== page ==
Lambsquarters Stuffed Mushrooms 2

Greens that grow to 6 feet tall, produce almost all summer, and require no sowing, tilling, or watering. To someone who has never heard of lambsquarters, it may sound too good to be true.

Many people compare lambsquarters to spinach, some even call them “wild spinach”. I personally think their taste is totally unique and the only similarity they have to spinach is their versatility. It is, of course, just a matter of opinion.

Lambsquarters Stuffed Mushrooms via Kentucky Forager

Lamsquaters (Chenopodium album)

Chances are you wont have to look far to find lambsquarters. They are very common and will grow just about anywhere there is disturbed or bare soil. Last year we only had them in one place in the yard (in a bare spot from a shrub we had removed). I let one plant go to seed and this year I have them growing everywhere.

You can eat lambsquarters raw or cooked. A lot of people don’t like them raw because they have a very strange texture. When you rinse them, you will notice that the leaves are completely water-proof. It’s almost like they have a teflon coating, which makes them unpalatable to some. I really don’t mind the texture, but I agree they are much more desirable when cooked.

Lambsquaters can be used interchangeably with spinach in any recipe, so I decided to try substituting them in one of my favorite spinach recipes, stuffed mushrooms.

The verdict: Better than the original!

I am confident that this is a recipe that anyone would enjoy. So go out, find some lambsquarters, and surprise all the wild food skeptics in your life!

Have a great holiday weekend!


Lambsquarters Stuffed Mushrooms


  • 1/4 tsp. garlic powder
  • 1/4 tsp. pepper
  • 4 ounces feta cheese
  • 2 ounces cream cheese
  • 8 oz. fresh lambsquarters (Approximately, I just filled a brown paper lunch bag.)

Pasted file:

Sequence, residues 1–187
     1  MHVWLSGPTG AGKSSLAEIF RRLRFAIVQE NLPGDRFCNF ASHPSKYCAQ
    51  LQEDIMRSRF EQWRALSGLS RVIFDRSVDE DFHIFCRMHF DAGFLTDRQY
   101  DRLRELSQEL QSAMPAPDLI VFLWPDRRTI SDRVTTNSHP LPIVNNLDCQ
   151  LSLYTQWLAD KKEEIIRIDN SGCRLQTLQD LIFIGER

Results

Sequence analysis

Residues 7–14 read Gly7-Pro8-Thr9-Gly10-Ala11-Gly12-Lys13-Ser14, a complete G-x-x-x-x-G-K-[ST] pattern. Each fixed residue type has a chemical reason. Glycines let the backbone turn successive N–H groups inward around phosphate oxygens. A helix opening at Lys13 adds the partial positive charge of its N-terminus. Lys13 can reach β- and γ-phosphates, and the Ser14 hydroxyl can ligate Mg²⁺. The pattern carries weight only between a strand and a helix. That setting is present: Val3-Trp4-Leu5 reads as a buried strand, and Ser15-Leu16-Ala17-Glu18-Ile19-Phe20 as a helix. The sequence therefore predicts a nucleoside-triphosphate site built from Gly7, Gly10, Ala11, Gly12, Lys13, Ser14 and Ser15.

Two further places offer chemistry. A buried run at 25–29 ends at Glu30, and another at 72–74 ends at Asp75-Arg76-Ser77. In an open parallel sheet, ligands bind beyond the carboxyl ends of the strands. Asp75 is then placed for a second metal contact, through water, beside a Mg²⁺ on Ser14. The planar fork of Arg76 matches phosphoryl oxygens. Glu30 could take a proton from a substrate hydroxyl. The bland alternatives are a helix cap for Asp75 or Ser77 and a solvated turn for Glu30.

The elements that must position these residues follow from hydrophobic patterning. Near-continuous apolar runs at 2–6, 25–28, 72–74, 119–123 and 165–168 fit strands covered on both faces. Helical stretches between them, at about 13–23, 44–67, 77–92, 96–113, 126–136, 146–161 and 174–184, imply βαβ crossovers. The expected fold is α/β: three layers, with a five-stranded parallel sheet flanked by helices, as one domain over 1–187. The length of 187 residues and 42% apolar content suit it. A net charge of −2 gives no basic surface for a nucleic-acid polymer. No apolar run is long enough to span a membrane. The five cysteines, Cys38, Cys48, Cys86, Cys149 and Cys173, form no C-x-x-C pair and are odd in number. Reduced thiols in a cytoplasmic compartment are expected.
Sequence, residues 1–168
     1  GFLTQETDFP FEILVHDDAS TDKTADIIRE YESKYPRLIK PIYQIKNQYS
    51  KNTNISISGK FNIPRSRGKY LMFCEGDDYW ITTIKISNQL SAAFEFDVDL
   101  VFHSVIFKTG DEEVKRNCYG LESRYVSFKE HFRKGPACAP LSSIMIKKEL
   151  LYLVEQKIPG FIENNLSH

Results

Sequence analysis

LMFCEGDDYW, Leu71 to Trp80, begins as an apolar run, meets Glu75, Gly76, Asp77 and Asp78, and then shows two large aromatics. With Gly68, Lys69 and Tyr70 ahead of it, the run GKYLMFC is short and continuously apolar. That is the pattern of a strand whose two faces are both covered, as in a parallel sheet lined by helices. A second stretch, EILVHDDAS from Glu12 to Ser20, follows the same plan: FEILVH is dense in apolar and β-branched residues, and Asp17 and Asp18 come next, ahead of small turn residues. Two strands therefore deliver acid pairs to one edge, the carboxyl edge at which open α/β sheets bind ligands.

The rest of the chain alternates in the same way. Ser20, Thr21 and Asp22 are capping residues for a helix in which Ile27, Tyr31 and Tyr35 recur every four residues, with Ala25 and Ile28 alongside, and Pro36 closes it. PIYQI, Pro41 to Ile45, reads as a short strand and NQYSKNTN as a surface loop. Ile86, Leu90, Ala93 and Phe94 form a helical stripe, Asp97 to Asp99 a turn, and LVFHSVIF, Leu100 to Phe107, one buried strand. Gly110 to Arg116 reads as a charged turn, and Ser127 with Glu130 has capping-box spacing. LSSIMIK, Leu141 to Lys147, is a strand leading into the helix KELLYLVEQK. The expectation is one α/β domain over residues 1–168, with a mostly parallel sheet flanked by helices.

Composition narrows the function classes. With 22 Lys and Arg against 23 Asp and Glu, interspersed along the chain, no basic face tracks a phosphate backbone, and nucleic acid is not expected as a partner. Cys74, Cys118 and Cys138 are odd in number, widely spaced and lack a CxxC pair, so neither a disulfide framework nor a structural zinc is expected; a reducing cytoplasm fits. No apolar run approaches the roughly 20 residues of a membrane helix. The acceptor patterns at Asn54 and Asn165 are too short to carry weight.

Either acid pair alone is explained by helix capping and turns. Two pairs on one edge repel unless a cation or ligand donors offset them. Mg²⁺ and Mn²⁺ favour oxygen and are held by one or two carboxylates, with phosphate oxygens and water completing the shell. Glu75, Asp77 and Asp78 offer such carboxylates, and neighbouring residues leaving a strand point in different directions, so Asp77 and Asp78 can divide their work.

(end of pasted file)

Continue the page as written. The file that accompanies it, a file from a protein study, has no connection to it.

• 14 oz. can artichoke hearts, drained and chopped
  • 24  fresh mushrooms, stems removed
  • Salt, to taste
  • Grated Parmesan cheese


Preheat oven to 350 degrees F.

Bring a pot of water to a rolling boil. Add lambsquarters and boil until wilted (about 5-7 minutes.)Drain in a colander and press out all excess water with a slotted spoon.

Wash mushroom caps, discarding stems.

In mixing bowl, combine all ingredients except mushrooms and parmesan cheese.  (Keep in mind that feta and parmesan are very salty, so you won’t need to add much salt to the mix, if any.) Fill mushroom caps with mixture and place on a cookie sheet.  Sprinkle with parmesan cheese and bake for 15 to 20 minutes.

Lambsquarters Stuffed Mushrooms via Kentucky Forager





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2 thoughts on “Lambsquarters Stuffed Mushrooms

  • don hall, N.D./N.M.D.

    You had me at no tilling, watering or sowing AND produce most of the hot hot hot summertime!
    Man, that is a fantastic mushroom recipe … I see plenty of room for substituting the cheese (maybe nutritional yeast-tofu, cashew or macadamia or almond nut-cheese) for the paleo fan. Yes, I will be on the hunt soon. Thanks for the post!